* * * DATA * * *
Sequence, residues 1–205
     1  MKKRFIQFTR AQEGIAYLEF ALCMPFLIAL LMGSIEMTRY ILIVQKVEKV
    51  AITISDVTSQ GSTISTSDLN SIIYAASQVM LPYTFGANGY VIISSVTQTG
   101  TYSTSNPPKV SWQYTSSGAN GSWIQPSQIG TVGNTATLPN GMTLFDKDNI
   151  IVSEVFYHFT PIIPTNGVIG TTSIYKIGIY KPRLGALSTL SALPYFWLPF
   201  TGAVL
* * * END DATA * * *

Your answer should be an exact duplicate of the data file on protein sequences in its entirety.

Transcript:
Sequence, residues 1–205
     1  MKKRFIQFTR AQEGIAYLEF ALCMPFLIAL LMGSIEMTRY ILIVQKVEKV
    51  AITISDVTSQ GSTISTSDLN SIIYAASQVM LPYTFGANGY VIISSVTQTG
   101  TYSTSNPPKV SWQYTSSGAN GSWIQPSQIG TVGNTATLPN GMTLFDKDNI
   151  IVSEVFYHFT PIIPTNGVIG TTSIYKIGIY KPRLGALSTL SALPYFWLPF
   201  TGAVL